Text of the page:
For the cowboys herding longhorn cattle up the Chisholm Trail, Fort Worth was the last rest stop or supply post for a great distance. Beyond Fort Worth the cowboys would have to cross the Red River, and head into the many troubles that lay in the unconquered Indian Territory. Because Fort Worth was the last place where the cowboys could unwind before months on the range, Cowtown soon became infamous for having a large disreputable entertainment district several blocks south of the Courthouse known all over the West as “Hell's Half Acre.”2
Hell's half acre soon became a hotbed for a new sport--the rodeo. Cowboys would show off the roping, riding, and hollering skills as a large audience watched. As the rodeo grew and grew, it soon became too large for any existing structure in the state, much less in Fort Worth. Because the audience traveled from far away, several private companies decided to build a new arena--the largest of its kind--to host the rodeo.
The Coliseum's construction was financed, in part, by the Swift and Armour meat companies. Swift and Armour employed huge numbers of people, and wanted to keep their employees in good spirits. Because of this, Swift and Armour wanted to designed the “largest, most elegant, and perfectly appointed live stock auditorium in the South, and one without superior in the United States.3 The gigantic building was completed in February 1908 at a final cost between $200,000 and $250,000.4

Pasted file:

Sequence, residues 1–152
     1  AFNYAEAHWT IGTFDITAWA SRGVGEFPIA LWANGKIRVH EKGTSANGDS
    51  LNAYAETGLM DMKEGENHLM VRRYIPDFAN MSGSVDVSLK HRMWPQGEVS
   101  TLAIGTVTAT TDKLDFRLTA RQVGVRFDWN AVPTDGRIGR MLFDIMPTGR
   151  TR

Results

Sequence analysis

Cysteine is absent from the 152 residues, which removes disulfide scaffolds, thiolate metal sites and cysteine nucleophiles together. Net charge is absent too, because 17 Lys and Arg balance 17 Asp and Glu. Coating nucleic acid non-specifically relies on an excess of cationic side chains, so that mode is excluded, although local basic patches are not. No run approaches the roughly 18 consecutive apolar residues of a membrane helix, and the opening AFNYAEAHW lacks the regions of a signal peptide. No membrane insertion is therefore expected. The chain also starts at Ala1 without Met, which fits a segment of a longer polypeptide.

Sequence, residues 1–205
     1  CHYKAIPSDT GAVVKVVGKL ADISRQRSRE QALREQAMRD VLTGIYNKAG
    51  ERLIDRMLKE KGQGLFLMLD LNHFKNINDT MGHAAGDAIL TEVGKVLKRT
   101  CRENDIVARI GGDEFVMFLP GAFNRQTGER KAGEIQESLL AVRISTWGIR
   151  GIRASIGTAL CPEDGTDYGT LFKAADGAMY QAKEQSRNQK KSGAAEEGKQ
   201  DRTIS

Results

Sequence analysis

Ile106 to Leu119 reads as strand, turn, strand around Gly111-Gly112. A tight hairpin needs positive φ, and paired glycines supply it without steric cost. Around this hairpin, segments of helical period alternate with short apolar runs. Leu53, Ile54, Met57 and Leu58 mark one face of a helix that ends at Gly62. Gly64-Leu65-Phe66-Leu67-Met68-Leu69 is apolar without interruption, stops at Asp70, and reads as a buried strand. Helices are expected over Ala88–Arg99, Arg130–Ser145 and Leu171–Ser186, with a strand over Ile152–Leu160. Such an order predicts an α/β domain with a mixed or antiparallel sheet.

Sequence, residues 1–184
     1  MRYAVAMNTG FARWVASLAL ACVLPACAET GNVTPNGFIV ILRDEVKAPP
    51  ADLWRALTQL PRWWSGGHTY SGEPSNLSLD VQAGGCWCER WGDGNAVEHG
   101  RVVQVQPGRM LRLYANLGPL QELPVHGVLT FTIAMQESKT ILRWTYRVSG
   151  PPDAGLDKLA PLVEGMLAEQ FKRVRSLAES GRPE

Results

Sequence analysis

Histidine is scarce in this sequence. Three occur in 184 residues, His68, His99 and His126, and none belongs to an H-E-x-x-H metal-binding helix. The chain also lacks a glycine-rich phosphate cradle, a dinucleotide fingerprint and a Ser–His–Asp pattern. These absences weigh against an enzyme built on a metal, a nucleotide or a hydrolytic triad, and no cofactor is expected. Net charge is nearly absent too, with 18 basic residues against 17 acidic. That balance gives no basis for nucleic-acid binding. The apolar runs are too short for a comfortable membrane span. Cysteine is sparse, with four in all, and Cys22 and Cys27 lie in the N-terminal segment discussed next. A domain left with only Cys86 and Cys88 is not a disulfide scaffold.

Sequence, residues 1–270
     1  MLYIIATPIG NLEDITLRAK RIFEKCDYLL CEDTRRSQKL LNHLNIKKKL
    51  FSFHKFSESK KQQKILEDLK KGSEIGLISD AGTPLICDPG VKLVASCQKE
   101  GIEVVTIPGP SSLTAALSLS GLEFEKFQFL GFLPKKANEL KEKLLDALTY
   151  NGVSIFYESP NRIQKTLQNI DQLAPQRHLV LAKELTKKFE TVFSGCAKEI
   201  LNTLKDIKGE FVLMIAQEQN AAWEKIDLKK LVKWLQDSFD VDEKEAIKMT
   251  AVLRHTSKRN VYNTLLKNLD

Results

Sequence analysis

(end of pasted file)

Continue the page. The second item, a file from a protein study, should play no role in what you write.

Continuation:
Newspapers and magazines hailed the new coliseum—which would, over the years be called variously the North Side Coliseum, the North Fort Worth Coliseum, the Stock Yards Coliseum, and the Stock Show Coliseum—to be equal to the Great Exposition Hall at the International Live Stock Exposition Building in Chicago; and also reported that it was of greater value to Fort Worth than the packing plants themselves.5
After almost forty years of use, the Coliseum grew vacant during World War Two. Afterwords, the Stock Show moved to the newer, bigger, Will Rogers Memorial Complex, located in what is now the Fort Worth Cultural District. Despite the loss of the stock show, the Cowtown Coliseum thrived. It became a national concert venue, seeing acts like Elvis, Doris Day, and more. Other famous guests were President Teddy Roosevelt and his wife, and other heads of state.
Today, the Coliseum sees a variety of acts, and hosts a rodeo and wild west show every weekend--the very same show that delighted audiences over one-hundred years ago.